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Excavation

  • Insula IX.3 di Marco Lucrezio
  • Pompei
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    Credits

    • The Italian Database is the result of a collaboration between:

      MIBAC (Ministero per i Beni e le Attività Culturali - Direzione Generale per i Beni Archeologici),

      ICCD (Istituto Centrale per il Catalogo e la Documentazione) and

      AIAC (Associazione Internazionale di Archeologia Classica).

    • AIAC_logo logo

    Summary (English)

    • The work in the Casa di Marco Lucrezio continued with check-ups of the archaeological data as well as with documentation of wall paintings. Buildings archaeology was conducted in house IX 3,25 west of the large domus and excavations were carried out in two places in the narrow street north of the city block. The eastern trench was located near the junction of houses 24 and 25 and the western one close to the northwestern corner of the city block. The eastern trench revealed several consecutive street layers particularly in the sidewalk as well as a large and late waste pit extending partially under the Central Bath north of the street. The lowermost deposits of the sidewalk revealed a foundation trench of the travertine ashlar façade of house 24 and the finds date the building to the late 3rd– early 2nd century BC. The western trench revealed several waster pits topped by several street layers. In addition, a masonry reservoir, possibly a water cistern or a cess pit, was discovered continuing under the sidewalk.

      House IX 3,25 is a small row house with travertine framework walls in the façade and eastern parts and mostly trachyte rubble work walls otherwise. Cleaning of the floor surfaces revealed an earlier plaster floor ca. 20 cm below the last phase floor as well as a completely demolished room in the western part of the house between the current atrium and possible garden area. A small trench was placed in the southwestern corner of the atrium and this revealed a clay and stone wall decorated with painted wall plaster, but almost completely razed. This was the northwestern corner of the demolished room. The trench revealed also that the western wall of the atrium was built over a water channel or a gutter indicating changes in the room arrangements between houses 25 and IX 3,1–2. In other parts of the house, a small toilet was found in the southeastern corner and it was probably the only roofed area in the southern part of the house. A waste pit was discovered north of the toilet, but this was not excavated.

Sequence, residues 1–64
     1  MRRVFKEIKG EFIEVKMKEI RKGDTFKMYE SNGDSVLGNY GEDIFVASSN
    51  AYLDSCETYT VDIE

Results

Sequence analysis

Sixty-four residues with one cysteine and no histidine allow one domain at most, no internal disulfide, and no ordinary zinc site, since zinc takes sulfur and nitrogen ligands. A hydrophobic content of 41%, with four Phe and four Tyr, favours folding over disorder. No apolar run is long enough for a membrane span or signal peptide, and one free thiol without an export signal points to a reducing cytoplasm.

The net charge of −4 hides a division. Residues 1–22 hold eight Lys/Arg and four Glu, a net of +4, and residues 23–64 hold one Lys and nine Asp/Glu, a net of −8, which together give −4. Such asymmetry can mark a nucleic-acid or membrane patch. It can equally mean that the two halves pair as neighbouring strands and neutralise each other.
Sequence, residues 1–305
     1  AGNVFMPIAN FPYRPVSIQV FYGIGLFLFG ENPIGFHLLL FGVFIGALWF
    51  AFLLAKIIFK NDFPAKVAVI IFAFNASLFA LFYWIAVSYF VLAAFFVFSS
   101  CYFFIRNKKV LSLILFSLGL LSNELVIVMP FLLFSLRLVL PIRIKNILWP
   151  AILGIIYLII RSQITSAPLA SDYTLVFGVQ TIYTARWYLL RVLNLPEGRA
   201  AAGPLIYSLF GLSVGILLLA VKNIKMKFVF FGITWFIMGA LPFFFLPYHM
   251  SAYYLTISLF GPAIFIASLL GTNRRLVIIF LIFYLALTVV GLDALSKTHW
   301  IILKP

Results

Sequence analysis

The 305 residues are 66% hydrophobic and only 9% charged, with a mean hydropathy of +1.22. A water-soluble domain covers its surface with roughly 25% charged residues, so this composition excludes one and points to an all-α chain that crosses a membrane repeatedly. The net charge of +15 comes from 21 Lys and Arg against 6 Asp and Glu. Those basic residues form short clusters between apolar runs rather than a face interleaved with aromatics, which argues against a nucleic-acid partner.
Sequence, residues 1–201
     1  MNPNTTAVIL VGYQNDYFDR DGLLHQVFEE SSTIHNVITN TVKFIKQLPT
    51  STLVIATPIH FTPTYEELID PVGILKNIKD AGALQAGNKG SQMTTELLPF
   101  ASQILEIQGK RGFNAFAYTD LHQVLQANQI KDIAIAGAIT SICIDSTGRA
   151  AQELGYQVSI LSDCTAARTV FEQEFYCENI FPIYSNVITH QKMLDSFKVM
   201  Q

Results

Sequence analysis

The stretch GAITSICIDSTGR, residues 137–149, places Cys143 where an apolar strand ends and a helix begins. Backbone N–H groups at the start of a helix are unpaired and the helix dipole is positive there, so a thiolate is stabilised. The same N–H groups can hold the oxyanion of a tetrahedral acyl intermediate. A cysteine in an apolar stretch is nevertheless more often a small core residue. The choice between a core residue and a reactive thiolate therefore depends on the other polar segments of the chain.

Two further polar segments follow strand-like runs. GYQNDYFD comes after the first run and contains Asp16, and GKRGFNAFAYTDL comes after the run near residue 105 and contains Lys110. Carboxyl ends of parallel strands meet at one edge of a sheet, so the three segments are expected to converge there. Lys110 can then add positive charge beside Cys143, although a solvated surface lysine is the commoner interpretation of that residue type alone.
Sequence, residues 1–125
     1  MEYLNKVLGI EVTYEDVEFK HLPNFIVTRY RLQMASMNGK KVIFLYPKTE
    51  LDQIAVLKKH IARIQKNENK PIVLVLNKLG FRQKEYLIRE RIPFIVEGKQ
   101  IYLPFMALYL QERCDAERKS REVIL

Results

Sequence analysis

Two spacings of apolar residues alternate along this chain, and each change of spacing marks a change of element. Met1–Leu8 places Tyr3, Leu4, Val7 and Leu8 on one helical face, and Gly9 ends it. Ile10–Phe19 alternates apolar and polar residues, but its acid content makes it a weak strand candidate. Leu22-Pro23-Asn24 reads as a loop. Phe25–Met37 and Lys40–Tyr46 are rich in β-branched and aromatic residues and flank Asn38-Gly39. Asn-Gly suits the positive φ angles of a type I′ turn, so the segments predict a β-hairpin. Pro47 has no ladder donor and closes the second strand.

• Eeva-Maria Viitanen - University of Helsinki/Institutum Classicum 

    Director

    • Paavo Castrén - Università di Helsinki

    Team

    • Antero Tammisto
    • Gianluca De Martino
    • Heini Ynnilä - University of Helsinki/Institutum Classicum
    • Kai Juntunen
    • Kirsi Murros - University of Helsinki/Institutum Classicum
    • Laura Nissinen - University of Helsinki/Institutum Classicum
    • Lotta Laiho-Oliviero
    • Otso Manninen
    • Sanna Aho - University of Helsinki/Institutum Classicum
    • Ilkka Kuivalainen - University of Helsinki/Institutum Classicum
    • Nina Heiska
    • Ria Berg
    • Ale Torkkel
    • Pasi Kaarto
    • Matti Mustonen
    • Ulla Knuutinen
    • Maija Holappa - University of Helsinki/Institutum Classicum

    Research Body

    • EVTEK University of Applied Sciences/Institute of Art and Design
    • University of Helsinki/Institutum Classicum

    Funding Body

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